Rapid intestinal transit and diminished surface area impair fluid absorption and cause diarrhea. Common causes include small-bowel or large-bowel resection or bypass, gastric resection, and inflammatory bowel disease Overview of Inflammatory Bowel Disease Inflammatory bowel disease (IBD), which includes Crohn disease and ulcerative colitis, is a relapsing and remitting condition characterized by chronic inflammation at various sites in the gastrointestinal... read more . Other causes include microscopic colitis (collagenous or lymphocytic colitis) and celiac disease Celiac Disease Celiac disease is an immunologically mediated disease in genetically susceptible people caused by intolerance to gluten, resulting in mucosal inflammation and villous atrophy, which causes malabsorption... read more . Hyperthyroidism may cause diarrhea due to rapid transit.
Stimulation of intestinal smooth muscle by drugs (eg, magnesium-containing antacids, laxatives, cholinesterase inhibitors, selective serotonin reuptake inhibitors) or humoral agents (eg, prostaglandins, serotonin) also can speed transit.
Evaluation of Diarrhea
History of present illness should determine duration and severity of diarrhea, circumstances of onset (including recent travel, food ingested, source of water), drug use (including any antibiotics within the previous 3 months), abdominal pain or vomiting, frequency and timing of bowel movements, changes in stool characteristics (eg, presence of blood, pus, or mucus; changes in color or consistency; evidence of steatorrhea), associated changes in weight or appetite, and rectal urgency or tenesmus should be noted. Simultaneous occurrence of diarrhea in close contacts should be ascertained. Physicians should ask specifically about any changes in drugs that may cause diarrhea.
Review of systems should seek symptoms suggesting possible causes, including joint pains (inflammatory bowel disease, celiac disease), flushing (carcinoid, vipoma, mastocytosis), chronic abdominal pain (irritable bowel, inflammatory bowel disease, gastrinoma), and GI bleeding (ulcerative colitis, tumor).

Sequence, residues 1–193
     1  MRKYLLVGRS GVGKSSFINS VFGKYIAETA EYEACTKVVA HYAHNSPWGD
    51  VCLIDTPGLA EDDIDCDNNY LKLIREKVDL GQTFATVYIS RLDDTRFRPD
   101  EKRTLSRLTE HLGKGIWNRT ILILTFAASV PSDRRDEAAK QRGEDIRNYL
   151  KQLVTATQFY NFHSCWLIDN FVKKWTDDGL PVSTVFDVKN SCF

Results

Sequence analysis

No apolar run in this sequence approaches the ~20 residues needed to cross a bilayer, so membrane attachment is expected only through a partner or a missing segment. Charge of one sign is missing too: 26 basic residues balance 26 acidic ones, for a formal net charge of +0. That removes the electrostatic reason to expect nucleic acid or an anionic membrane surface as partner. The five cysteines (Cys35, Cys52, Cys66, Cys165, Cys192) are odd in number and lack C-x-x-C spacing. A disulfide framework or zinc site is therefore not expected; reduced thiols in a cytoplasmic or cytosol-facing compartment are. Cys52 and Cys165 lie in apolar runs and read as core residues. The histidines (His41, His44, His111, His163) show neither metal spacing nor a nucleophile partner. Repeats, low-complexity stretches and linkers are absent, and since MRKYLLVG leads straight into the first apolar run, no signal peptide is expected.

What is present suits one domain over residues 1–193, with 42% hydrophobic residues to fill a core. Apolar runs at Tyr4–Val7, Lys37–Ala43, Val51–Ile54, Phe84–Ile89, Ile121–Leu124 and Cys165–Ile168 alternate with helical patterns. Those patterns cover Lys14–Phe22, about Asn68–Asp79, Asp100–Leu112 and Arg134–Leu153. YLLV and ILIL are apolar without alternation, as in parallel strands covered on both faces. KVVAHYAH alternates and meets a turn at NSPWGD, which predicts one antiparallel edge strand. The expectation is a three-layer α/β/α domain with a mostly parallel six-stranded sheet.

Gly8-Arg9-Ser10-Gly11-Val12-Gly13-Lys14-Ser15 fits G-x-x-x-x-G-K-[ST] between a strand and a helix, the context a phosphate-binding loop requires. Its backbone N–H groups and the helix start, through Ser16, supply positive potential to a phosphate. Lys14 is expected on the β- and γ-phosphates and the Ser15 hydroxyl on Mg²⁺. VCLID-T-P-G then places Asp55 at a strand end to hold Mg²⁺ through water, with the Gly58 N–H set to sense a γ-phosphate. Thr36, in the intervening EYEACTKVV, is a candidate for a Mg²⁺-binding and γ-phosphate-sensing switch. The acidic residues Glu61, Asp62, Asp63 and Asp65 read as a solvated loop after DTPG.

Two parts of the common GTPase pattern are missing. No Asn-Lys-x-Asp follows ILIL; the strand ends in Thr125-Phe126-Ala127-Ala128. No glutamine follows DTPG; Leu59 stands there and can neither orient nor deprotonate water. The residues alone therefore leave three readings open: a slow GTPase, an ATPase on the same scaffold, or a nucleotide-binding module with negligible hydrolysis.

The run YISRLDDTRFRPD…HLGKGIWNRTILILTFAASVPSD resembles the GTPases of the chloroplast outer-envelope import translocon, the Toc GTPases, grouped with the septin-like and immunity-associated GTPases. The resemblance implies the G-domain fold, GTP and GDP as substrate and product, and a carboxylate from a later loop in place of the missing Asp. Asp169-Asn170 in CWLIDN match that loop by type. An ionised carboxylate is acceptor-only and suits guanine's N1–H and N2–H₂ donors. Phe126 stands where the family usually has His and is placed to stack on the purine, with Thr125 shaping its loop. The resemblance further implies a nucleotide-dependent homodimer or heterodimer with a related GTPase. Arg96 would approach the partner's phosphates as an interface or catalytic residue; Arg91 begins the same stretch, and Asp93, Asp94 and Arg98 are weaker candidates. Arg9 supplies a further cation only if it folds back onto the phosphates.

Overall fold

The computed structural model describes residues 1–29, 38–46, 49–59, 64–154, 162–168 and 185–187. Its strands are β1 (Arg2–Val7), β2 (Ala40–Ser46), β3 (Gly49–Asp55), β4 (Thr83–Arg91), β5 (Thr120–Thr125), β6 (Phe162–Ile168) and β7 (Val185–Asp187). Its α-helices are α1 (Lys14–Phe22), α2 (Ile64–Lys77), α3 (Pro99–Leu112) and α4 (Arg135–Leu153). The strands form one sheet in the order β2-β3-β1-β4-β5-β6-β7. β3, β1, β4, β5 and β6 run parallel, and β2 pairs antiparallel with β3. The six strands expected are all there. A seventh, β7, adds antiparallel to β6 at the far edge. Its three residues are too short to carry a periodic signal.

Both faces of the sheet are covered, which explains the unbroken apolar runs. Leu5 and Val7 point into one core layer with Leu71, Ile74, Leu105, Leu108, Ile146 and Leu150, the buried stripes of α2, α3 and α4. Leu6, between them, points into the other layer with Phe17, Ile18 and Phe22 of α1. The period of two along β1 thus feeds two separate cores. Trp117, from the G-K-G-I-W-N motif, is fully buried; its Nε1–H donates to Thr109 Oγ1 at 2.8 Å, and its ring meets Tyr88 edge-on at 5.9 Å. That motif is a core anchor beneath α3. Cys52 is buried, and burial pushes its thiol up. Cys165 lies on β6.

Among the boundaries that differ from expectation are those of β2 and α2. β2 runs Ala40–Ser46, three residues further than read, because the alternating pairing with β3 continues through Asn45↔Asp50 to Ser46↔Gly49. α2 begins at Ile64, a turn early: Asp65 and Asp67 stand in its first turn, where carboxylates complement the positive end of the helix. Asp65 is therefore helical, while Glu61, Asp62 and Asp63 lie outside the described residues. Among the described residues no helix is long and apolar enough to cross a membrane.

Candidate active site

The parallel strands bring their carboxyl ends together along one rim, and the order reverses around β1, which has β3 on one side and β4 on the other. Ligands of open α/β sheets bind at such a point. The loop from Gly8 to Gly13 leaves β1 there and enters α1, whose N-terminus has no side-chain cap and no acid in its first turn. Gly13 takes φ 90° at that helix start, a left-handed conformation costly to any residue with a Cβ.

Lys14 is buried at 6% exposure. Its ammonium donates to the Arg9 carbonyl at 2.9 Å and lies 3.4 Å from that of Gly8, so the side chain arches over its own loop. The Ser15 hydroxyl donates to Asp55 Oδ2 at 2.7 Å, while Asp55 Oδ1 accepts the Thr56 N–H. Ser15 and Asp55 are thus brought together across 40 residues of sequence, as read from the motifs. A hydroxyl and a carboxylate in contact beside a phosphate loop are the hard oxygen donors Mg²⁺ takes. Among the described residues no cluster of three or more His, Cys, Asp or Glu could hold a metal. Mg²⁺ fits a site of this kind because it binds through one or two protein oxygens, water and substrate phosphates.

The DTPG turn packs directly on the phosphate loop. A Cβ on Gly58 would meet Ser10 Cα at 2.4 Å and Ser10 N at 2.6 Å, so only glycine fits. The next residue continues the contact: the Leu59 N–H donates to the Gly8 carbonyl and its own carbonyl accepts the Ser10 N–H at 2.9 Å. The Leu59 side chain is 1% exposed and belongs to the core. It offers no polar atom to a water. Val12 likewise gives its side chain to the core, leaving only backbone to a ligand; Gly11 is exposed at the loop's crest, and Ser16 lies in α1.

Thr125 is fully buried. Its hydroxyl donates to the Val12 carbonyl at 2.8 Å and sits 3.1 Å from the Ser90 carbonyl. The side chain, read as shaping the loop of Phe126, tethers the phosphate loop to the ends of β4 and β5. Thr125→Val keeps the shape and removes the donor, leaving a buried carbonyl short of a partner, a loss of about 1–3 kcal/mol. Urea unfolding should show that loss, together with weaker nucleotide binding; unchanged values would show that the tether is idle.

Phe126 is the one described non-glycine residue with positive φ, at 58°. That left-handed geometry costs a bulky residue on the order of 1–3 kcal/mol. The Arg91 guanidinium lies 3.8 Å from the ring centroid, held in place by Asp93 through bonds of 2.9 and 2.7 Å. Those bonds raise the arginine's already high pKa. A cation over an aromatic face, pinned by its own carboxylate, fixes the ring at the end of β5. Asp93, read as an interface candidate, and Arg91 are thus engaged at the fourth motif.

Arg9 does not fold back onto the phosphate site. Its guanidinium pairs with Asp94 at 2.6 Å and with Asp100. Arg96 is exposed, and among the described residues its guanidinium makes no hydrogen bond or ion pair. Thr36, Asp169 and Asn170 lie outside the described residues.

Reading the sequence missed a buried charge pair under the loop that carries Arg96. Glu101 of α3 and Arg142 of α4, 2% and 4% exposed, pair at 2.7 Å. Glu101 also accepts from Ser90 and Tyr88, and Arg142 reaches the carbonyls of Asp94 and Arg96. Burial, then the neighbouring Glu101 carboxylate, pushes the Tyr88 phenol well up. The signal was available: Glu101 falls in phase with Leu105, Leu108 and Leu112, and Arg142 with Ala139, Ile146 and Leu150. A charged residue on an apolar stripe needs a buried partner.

Past medical history should identify known risk factors for diarrhea, including inflammatory bowel disease, irritable bowel syndrome, HIV infection, and previous GI surgical procedures (eg, intestinal or gastric bypass or resection, pancreatic resection). Family and social history should query about simultaneous occurrence of diarrhea in close contacts.
Fluid and hydration status should be evaluated. A full examination with attention to the abdomen and a digital rectal examination for sphincter competence and occult blood testing are important.
Certain findings raise suspicion of an organic or more serious etiology of diarrhea:
Blood or pus in stool
Signs of dehydration
Interpretation of findings
Acute, watery diarrhea in an otherwise healthy person is likely to be of infectious etiology, particularly when travel, possibly tainted food, or an outbreak with a point-source is involved.
Acute bloody diarrhea with or without hemodynamic instability in an otherwise healthy person suggests an enteroinvasive infection. Diverticular bleeding and ischemic colitis also manifest with acute bloody diarrhea. Recurrent bouts of bloody diarrhea in a younger person suggest inflammatory bowel disease Overview of Inflammatory Bowel Disease Inflammatory bowel disease (IBD), which includes Crohn disease and ulcerative colitis, is a relapsing and remitting condition characterized by chronic inflammation at various sites in the gastrointestinal... read more .
In the absence of laxative use, large-volume diarrhea (eg, daily stool volume > 1 L/day) strongly suggests an endocrine tumor cause in patients with normal GI anatomy. A history of oil droplets in stool, particularly if associated with weight loss, suggests malabsorption Overview of Malabsorption Malabsorption is inadequate assimilation of dietary substances due to defects in digestion, absorption, or transport. Malabsorption can affect macronutrients (eg, proteins, carbohydrates, fats)... read more .
Diarrhea that consistently follows ingestion of certain foods (eg, fats) suggests food intolerance. Recent antibiotic use should raise suspicion for antibiotic-associated diarrhea, including Clostridioides difficile colitis Clostridioides (formerly Clostridium) difficile–Induced Diarrhea Toxins produced by Clostridioides difficile strains in the gastrointestinal tract cause pseudomembranous colitis, typically after antibiotic use. Symptoms are diarrhea, sometimes bloody... read more (formerly Clostridium difficile).